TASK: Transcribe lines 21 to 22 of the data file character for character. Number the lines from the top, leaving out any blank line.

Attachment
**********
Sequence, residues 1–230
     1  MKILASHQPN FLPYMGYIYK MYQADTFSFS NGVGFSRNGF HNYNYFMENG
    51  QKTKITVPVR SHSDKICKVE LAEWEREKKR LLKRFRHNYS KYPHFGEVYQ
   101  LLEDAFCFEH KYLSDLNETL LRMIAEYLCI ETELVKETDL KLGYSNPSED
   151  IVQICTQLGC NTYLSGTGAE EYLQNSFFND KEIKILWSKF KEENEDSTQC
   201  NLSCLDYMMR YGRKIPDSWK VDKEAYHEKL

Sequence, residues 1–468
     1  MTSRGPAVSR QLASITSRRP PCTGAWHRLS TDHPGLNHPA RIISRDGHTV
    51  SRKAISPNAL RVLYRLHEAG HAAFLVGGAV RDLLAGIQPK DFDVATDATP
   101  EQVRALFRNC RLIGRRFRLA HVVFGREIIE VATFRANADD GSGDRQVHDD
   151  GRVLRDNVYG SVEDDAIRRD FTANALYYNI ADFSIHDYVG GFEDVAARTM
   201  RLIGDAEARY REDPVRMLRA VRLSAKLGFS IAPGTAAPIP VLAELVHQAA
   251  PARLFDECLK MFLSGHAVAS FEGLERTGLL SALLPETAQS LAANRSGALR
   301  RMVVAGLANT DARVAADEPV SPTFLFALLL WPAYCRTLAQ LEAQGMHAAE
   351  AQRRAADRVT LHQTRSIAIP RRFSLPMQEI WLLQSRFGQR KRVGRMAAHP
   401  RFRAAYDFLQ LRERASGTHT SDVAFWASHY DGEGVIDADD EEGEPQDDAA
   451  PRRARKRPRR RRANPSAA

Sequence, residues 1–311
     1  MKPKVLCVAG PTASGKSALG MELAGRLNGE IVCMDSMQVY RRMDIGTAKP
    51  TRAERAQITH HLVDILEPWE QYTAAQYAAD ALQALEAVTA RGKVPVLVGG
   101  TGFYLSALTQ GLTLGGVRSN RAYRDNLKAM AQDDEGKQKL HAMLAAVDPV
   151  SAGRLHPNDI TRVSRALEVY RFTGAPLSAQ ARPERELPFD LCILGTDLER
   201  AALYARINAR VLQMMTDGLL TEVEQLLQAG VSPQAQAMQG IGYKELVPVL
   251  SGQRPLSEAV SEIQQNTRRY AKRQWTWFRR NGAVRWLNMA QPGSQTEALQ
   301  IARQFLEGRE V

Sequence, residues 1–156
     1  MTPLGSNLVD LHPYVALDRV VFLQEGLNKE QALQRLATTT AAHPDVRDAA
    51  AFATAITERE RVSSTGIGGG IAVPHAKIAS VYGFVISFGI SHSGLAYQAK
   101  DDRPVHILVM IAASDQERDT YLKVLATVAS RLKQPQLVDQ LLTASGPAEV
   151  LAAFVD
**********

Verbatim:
   101  TGFYLSALTQ GLTLGGVRSN RAYRDNLKAM AQDDEGKQKL HAMLAAVDPV
   151  SAGRLHPNDI TRVSRALEVY RFTGAPLSAQ ARPERELPFD LCILGTDLER